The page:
2. Pothos

Whether you are just getting started on your indoor garden or need something to help restore your plant-growing self-esteem, buying a pothos (Epipremnum aureum) is the perfect place to start. Pothos is also known as devil's ivy, but don't let that put you off because this flora is a saint when it comes to removing indoor pollutants like formaldehyde and benzene while remaining low-maintenance, according to the University of Wisconsin-Madison.

Pothos is a groundcover in its native tropical regions, meaning it is an understory plant used to shady conditions. Although it does not tolerate full sun, pothos can grow in medium-to-low light conditions. This plant can even thrive in spaces like offices where there is only artificial light. This houseplant can be pruned to keep a bushy appearance, or its long vines can be trained up a small trellis. To keep your pothos healthy, water when the soil is dry and do not over-water.

3. Corn plant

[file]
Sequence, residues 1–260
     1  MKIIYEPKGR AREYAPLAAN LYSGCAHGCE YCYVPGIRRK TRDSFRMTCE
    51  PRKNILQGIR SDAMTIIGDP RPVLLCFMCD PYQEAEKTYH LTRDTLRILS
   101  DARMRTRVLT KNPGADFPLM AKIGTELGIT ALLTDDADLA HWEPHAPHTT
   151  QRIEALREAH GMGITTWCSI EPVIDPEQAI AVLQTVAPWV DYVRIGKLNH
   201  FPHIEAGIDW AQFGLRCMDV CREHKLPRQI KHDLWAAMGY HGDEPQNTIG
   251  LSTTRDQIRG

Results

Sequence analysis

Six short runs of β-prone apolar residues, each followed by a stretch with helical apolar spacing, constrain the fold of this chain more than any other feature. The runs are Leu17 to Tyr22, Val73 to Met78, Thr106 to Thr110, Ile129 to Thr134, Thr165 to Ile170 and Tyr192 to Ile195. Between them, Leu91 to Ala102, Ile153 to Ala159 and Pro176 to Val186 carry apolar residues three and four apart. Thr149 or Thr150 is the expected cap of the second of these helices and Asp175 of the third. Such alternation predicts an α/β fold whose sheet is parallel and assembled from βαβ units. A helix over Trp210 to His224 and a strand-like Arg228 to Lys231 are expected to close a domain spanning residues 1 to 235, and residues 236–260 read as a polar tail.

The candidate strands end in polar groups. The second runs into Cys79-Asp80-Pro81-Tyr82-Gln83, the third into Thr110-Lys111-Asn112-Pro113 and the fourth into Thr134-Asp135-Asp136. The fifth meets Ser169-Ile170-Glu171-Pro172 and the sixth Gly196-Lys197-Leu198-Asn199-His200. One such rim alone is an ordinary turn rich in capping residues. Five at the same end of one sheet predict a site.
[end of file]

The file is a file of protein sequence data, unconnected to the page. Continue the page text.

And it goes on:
If you are looking to add height and interest to your home décor, the corn plant (Dracaena fragrans) is a great option. Although they come in various sizes, they can grow up to 6 feet tall indoors, making them perfect for brightening up a boring corner of your room. Corn plants are also exceptional for cleaning the air. In fact, they were included in a NASA study that identified 18 houseplants that effectively remove indoor pollutants ranging from cigarette smoke to radon, per NASA STI Repository.

Don't let their size fool you; corn plants are especially low-maintenance. House Plants Expert states they like moist, well-draining soil and have no specific humidity requirements. They are relatively slow growers, so there is minimal pruning. Because they are tropical plants, it's best to keep them away from cold drafts, but otherwise, these guys just like to be left alone. So give them a cozy corner, a bit of water, and fertilizer, and enjoy their beauty.

4. Spider plant